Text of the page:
Pennsylvania Makes Ecoterrorism A Criminal Offense
Pennsylvania has passed a law that amends the state’s criminal code to include the offense of ecoterrorism.
Pennsylvania Governor Edward Rendell said the state will be better able to protect people from intimidation and natural resources from unlawful acts of desecration with the new offense on the books. He signed the bill into law in April and it will take effect in mid-June.
Upon signing the bill, Rendell said, “In the last decade our nation has witnessed an increasing number of costly and dangerous acts of destruction of property – in the name of animal rights or environmental protection. Most of these protests are lodged against pharmaceutical and other companies that are in the business of developing new medicines to provide treatments and cures for deadly diseases.”
“Those who oppose animal research certainly have the right to use the political process to express their views,” the governor said. “But if they intentionally destroy property as part of their protest they should be charged accordingly for any property crimes they have committed. These persons should receive additional punishment because their conduct is intended to intimidate and stop lawful activities.”
“Destroying property, intimidating Pennsylvania residents or illegally confiscating animals as a way of political protest will not be tolerated in Pennsylvania,” said the governor.
Rendell said that in considering this bill, he met with animal rights activists who shared with him their concern for their free speech rights. “This bill does not infringe upon those rights,” he said.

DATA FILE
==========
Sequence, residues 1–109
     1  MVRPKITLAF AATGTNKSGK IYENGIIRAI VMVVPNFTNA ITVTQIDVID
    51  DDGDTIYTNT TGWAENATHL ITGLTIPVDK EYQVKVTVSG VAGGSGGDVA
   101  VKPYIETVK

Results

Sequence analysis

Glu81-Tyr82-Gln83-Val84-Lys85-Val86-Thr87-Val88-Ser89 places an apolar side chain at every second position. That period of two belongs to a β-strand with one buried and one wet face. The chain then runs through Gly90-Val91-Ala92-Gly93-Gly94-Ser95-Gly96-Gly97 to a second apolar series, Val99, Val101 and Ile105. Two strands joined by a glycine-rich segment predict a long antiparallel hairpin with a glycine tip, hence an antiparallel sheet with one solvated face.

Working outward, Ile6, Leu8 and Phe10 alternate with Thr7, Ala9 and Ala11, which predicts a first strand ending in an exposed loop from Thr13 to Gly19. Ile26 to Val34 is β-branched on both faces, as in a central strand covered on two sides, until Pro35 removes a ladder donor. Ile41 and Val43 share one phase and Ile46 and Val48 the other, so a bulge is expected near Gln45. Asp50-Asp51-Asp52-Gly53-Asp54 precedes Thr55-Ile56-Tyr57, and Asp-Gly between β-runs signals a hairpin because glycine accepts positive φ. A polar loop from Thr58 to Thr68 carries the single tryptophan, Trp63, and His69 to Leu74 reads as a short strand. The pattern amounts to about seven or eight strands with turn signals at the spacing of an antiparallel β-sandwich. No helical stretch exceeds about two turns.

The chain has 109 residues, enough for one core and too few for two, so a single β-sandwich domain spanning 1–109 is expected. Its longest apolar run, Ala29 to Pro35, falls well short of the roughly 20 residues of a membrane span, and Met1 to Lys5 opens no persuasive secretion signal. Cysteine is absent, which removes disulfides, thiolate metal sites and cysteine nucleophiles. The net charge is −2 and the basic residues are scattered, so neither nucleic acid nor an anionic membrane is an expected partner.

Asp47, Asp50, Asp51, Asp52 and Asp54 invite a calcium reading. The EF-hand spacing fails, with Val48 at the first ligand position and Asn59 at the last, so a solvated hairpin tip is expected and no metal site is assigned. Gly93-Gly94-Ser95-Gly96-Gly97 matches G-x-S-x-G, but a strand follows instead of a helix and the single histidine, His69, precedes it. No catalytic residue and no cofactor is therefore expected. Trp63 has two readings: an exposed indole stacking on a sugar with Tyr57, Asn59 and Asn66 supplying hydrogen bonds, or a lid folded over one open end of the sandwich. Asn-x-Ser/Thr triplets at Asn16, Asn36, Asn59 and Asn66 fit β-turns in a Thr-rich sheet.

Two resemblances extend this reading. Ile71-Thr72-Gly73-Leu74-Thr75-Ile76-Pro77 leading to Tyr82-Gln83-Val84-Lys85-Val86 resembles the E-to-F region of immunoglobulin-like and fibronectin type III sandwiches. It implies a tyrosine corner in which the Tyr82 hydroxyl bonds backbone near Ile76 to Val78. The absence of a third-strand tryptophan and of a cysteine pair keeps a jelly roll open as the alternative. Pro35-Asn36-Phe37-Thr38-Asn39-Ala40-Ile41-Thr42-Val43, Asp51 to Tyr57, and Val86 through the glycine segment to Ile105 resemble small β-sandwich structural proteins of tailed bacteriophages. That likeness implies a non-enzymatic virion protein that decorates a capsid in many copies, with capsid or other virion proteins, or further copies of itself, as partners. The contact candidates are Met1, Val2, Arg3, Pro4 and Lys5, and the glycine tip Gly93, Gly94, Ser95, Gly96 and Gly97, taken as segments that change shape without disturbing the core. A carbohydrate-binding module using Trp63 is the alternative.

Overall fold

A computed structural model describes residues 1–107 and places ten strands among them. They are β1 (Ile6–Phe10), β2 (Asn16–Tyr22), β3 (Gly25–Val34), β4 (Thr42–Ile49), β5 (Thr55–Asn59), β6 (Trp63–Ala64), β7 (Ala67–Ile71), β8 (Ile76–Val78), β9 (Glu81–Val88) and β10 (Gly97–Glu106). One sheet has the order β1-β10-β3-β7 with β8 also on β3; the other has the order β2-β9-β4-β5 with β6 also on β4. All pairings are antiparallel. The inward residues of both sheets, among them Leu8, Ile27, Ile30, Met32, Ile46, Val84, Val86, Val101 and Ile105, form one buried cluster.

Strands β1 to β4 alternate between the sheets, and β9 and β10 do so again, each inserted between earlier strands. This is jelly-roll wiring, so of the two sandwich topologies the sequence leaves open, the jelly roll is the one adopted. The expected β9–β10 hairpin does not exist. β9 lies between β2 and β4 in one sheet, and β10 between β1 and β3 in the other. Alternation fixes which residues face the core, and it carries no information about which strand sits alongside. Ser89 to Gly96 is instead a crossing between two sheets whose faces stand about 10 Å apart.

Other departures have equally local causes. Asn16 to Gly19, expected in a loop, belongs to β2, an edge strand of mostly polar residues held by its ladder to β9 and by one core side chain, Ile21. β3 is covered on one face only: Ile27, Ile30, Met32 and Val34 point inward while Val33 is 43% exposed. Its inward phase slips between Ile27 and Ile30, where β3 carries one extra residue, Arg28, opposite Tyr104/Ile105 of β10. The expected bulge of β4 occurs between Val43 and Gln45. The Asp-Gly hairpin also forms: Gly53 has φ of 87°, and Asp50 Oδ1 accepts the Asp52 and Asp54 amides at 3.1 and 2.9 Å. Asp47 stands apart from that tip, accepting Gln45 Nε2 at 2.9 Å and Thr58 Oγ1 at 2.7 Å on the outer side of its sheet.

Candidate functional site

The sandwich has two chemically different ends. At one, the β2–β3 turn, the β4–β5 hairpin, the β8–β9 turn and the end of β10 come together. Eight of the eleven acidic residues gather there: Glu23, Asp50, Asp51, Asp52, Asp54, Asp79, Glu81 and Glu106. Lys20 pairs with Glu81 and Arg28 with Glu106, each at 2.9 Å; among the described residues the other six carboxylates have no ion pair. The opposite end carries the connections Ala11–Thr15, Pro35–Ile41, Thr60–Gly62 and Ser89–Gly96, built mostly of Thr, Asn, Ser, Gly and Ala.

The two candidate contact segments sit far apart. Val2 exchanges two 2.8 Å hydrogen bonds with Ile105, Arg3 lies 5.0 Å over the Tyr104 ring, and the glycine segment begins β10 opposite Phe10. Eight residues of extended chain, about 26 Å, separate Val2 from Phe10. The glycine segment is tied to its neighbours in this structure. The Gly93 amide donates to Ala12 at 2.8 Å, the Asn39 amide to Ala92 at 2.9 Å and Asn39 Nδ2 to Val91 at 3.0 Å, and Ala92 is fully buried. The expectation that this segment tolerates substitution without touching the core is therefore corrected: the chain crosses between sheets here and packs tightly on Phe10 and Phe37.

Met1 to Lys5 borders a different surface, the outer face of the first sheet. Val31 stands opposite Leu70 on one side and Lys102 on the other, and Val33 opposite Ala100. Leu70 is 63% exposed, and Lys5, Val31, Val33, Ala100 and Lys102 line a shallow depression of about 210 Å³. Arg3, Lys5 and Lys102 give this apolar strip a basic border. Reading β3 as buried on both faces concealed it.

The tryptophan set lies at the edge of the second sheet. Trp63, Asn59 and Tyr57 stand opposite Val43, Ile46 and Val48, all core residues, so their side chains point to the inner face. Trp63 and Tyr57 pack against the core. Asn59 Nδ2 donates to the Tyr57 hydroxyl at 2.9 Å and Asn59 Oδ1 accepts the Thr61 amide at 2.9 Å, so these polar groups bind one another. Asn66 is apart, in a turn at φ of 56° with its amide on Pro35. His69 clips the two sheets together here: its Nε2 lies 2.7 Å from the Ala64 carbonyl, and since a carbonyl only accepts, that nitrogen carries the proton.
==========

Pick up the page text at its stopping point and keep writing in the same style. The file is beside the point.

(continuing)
Those in favor of this bill gave specific examples of property destruction that the governor found to be compelling reasons to sign the legislation.
“One telling example comes from W.B. Saul Agricultural High School in southeast Pennsylvania,” said Rendell. “This public high school has been targeted by militant animal rights activists who have not stopped at peaceful protest, but who have vandalized the school, stealing animals and destroying property.”
Rendell was referring to an incident in April 2004 when 48 animals were stolen from the school in Roxborough, near Philadelphia, the largest agricultural high school in America. Dogs, gerbils, chinchillas, hamsters, rats, mice and a ferret were taken. “Go experiment on yourselves We’re free – the animals,” was spray-painted on the school’s dog kennel.
“That conduct is not protected speech,” the governor said.
In Pennsylvania, ecoterrorism now is defined as a person committing one of a number of “specified offenses against property” with the intent to intimidate or coerce another individual lawfully participating in an activity which involves animals, plants, or natural resources.
Specified offenses include certain arson offenses, causing or risking catastrophe, criminal mischief, institutional vandalism, agricultural vandalism, agricultural crop destruction, burglary if committed in order to commit another specified offense, criminal trespass if the crime is committed in order to threaten or terrorize the owner or occupant of the premises.
The law stiffens penalties for these offenses if they are committed as acts of ecoterrorism. A person who is found guilty of ecoterrorism will be ordered to pay restitution in an amount up to triple the value of the damages incurred as a result of the specified offense.
The bill also provides that a person exercising his right of freedom of petition or freedom of speech under the United States Constitution or the Constitution of Pennsylvania on public property or with the permission of the landowner and is peaceably demonstrating or exercising those rights is immune from prosecution or civil liability for ecoterrorism.
Under the new law, a person aggrieved by an act of ecoterrorism may now sue for compensatory damages, punitive damages, and litigation expenses. The aggrieved party may also petition for injunctive relief, in which case the court may issue a temporary restraining order, preliminary injunctions, or permanent injunction.
Provided by the Environmental News Service.